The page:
We've now seen malware in a tar archive

October 31, 2017

Our anti-spam system recently logged the following information about an incoming message:

1e92K6-0007yD-37 attachment application/octet-stream; MIME file ext: .tar; tar exts: .exe; email is in-dnsbl
rejected 1e92K6-0007yD-37 from to <redacted>: identified virus: Mal/DrodTar-A

Sophos's information on Mal/DrodTar-A plus some Internet searches suggest that this .exe had attributes of a relatively generic Windows trojan. We also logged the message headers, and they make it clear that this wasn't a case of someone wrapping up a malware sample in a tar file in order to mail it to one of our people for research; it was an honest to goodness piece of Windows malware trying to propagate itself in a tar archive. Tell-tale headers include:

From: "Account Manager"<brand27@emediasol.com>
Subject: Purchase Order
To: undisclosed-recipients:;

(Our users do get emailed .tar and .tar.gz files, but they have actual contents and they're hopefully not showing up in email that looks like that.)

It turns out that this is not the first .exe-in-.tar attachment we've seen in the past several months; back in May and June we saw a few that were identified (at the time) as Mal/FareitVB-M. More recently we saw a couple that sadly weren't identified as malware, so they sailed right through the mail system (I suspect that they were malware; a single .exe file in a .tar is unusual, and most of our .tar attachments are actually .tar.gzs).

On further inspection we've also seen a number of other plain .tar attachments that seem to be malware, based on what they contain. In addition to .exes, we've logged single .scrs and .cmds, some of which have also been identified as Mal/FareitVB-M. Probably this means we should extend our rejection of bad things in ZIP archives to also cover bad things in tar archives.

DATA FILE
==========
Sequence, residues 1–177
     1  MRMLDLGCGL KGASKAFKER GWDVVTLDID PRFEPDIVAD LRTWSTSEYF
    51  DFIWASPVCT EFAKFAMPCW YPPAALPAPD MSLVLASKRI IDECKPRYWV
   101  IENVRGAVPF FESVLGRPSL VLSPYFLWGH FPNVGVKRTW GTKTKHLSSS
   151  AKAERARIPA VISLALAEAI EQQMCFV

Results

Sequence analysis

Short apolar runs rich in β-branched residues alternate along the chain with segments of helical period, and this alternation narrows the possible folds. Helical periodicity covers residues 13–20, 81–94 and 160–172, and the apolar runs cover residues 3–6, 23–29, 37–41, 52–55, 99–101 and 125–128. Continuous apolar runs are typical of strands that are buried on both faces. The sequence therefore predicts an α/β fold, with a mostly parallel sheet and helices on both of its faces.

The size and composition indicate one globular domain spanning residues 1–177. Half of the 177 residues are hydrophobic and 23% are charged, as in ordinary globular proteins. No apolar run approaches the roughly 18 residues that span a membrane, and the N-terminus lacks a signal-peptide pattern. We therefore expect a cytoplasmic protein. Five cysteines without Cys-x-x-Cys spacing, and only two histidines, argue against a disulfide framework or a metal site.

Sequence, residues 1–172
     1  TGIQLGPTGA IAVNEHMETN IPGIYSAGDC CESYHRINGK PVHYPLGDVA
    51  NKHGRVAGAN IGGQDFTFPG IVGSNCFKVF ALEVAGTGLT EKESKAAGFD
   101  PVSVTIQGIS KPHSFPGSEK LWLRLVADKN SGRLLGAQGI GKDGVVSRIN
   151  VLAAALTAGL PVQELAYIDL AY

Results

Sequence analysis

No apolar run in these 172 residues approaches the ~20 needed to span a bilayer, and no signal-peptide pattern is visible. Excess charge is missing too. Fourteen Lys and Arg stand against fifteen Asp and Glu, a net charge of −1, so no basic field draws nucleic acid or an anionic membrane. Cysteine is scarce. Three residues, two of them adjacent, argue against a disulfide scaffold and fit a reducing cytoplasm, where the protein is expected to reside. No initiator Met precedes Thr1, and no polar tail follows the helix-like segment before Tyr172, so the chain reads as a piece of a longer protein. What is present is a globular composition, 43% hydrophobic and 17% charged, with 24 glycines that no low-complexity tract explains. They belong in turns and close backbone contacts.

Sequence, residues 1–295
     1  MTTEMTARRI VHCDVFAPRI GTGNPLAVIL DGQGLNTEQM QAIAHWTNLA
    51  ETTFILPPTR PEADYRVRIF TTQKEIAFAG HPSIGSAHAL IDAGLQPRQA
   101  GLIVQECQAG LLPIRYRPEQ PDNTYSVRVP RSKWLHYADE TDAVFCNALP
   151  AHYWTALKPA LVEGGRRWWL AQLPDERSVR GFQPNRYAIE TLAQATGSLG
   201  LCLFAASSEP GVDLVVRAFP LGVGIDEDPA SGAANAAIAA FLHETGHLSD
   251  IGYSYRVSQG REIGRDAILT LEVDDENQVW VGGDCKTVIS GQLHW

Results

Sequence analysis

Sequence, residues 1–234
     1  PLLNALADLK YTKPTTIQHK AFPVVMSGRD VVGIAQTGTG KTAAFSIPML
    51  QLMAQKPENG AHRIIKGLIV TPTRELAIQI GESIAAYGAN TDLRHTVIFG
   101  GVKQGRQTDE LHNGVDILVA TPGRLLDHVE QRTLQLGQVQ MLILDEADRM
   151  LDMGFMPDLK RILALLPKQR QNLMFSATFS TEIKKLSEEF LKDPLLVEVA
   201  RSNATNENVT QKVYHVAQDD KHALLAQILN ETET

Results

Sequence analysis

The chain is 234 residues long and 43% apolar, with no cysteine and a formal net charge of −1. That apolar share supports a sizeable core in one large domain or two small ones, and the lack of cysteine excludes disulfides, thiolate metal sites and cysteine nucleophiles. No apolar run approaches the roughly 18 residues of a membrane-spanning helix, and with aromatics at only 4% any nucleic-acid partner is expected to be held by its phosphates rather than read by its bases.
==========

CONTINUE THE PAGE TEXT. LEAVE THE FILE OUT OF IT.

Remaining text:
(All this goes to show that things can be hiding under innocent looking rocks.)

I'm a little bit surprised that Windows malware distributes itself as tar archives, because I would have thought that not many Windows machines can actually extract them without having to go find additional software. However, I may be wrong about this; some searches suggest that common Windows archive handling programs (such as 7-zip) are sufficiently polymorphic that they'll also unpack tar archives for you. Perhaps the malware authors have discovered that malware packed up in tar archives gets through defenses slightly more readily than malware in ZIP archives.

(Sadly, this is certainly the case here, where we'd have immediately rejected these attachments if they'd been ZIP archives instead of tarballs.)

I guess I'm a little bit sad and disappointed that tar archives are now being exploited by malware, in a 'is nothing sacred?' kind of way.

(Where malware and spam in general is concerned, the answer has always been 'of course not'. But I still like to think of Unix things as existing in a separate world, one not contaminated by the grubby realities of the modern malware-in-email environment.)

Written on 31 October 2017.
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Last modified: Tue Oct 31 22:54:49 2017
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